Friday 14 March 2008

I eat my veggies

After a full month of on and off reading, I've finally finished Will Tuttle's The World Peace Diet. I don't normally read books like this; in fact, I generally try to give them a wide berth. I'm vegan, have been for years, and don't feel I need any more convincing. I also don't want to read things like this so I can quote horrible facts at people; that's not my style at all. So, what normally happens if I do read books like this is that I discover some horrible new facts I didn't already know, cry a lot, and feel like gouging my eyes out.

Luckily, that happened less than usual with The World Peace Diet - although it did happen some, which in my mind is too much. Like I said, no convincing required here. In spite of some bad moments, though, this book really does stand out from others I've read in the "this is why you should go vegan" genre.

First, it was much more about the meaning food and eating have in our cultural than what goes into animal food production. Indeed, the philosophical discussion of food's cultural significance was really well explored and I found it truly enlightening. It was surprising in an "Of course! Why didn't I see that myself?" kind of way, which is cool. I think this background stuff would serve all those other pro-herbivorous books well for they perhaps don't address the social difficulties in being vegan as well as Tuttle does.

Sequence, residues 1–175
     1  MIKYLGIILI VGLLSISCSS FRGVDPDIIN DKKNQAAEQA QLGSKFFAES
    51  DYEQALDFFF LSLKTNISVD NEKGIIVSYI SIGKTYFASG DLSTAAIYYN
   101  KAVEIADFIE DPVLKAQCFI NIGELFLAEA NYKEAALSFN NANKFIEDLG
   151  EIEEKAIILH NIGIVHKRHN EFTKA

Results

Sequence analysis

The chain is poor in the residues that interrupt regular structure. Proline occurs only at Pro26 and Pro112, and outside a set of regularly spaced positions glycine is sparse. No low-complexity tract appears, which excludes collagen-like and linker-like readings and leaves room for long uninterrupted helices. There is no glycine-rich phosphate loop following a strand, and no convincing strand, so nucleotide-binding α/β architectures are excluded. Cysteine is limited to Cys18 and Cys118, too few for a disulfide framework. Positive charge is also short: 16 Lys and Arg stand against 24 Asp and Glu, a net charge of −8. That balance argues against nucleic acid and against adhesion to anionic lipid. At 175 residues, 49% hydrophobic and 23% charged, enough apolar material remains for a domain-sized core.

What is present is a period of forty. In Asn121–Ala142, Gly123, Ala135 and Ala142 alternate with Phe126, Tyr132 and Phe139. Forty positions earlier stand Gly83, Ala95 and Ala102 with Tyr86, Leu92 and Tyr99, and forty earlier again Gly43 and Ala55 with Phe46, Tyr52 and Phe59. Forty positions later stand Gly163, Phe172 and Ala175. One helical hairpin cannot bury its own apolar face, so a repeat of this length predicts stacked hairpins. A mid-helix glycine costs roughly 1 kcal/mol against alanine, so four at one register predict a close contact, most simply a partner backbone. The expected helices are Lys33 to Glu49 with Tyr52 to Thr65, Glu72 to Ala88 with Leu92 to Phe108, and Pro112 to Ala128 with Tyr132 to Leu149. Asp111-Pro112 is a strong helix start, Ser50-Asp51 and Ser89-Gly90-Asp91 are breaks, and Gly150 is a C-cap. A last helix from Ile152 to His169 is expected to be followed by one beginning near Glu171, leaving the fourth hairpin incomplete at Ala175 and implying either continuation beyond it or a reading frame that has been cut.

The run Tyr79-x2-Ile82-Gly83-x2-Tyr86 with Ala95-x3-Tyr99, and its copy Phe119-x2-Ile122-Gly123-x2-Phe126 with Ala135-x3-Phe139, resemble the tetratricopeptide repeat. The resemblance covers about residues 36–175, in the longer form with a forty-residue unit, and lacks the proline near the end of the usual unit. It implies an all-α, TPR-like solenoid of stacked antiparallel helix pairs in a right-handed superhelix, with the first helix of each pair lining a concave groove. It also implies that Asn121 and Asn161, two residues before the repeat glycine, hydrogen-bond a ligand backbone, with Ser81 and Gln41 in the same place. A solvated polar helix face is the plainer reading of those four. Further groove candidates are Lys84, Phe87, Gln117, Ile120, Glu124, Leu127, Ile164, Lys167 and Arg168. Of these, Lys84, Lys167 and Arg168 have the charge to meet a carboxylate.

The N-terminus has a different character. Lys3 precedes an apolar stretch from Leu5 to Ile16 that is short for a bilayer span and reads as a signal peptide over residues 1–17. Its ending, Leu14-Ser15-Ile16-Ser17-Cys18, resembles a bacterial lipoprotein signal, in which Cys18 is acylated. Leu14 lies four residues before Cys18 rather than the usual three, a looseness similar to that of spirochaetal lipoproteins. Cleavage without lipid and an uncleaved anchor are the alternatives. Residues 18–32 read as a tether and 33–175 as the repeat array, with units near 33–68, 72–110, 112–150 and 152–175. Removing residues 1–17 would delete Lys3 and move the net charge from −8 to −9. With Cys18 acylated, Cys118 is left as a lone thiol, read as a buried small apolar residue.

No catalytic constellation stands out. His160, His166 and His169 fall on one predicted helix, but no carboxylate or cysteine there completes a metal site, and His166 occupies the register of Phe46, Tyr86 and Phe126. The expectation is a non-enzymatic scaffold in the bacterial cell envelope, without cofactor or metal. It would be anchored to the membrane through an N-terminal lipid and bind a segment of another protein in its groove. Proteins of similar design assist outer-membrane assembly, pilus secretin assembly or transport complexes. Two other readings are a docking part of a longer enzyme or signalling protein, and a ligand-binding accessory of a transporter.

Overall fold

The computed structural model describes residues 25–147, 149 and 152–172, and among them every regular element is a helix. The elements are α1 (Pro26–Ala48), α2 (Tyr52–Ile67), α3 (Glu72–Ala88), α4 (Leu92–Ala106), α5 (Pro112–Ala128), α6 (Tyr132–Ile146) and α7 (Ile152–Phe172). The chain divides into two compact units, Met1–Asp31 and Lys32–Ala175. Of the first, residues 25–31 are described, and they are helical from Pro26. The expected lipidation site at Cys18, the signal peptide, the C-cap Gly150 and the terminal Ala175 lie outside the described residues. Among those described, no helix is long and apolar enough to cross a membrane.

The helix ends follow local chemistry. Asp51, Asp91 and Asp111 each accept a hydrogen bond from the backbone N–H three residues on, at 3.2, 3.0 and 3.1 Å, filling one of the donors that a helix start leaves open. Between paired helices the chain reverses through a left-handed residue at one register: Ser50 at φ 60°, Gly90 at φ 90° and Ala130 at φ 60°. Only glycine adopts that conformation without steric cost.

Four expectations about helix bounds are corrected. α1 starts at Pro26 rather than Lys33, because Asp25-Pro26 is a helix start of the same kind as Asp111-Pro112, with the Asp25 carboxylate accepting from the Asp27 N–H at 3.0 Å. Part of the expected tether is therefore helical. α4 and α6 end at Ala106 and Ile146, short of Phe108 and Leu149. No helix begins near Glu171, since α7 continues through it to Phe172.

Second, this is the most hopeful book I've read in this genre. Tuttle lays out the difficulties and some of the horrors but yet manages to be entirely compassionate towards and hopeful about the world we live in instead of just showering damnation upon everything. This is a very refreshing approach for in my view, righteous anger is as damaging as any other kind of anger.

Finally, on a nerdy editor note: I didn't see one typo in this entire book - that never happens! Kudos to Tuttle's mad editing skills.

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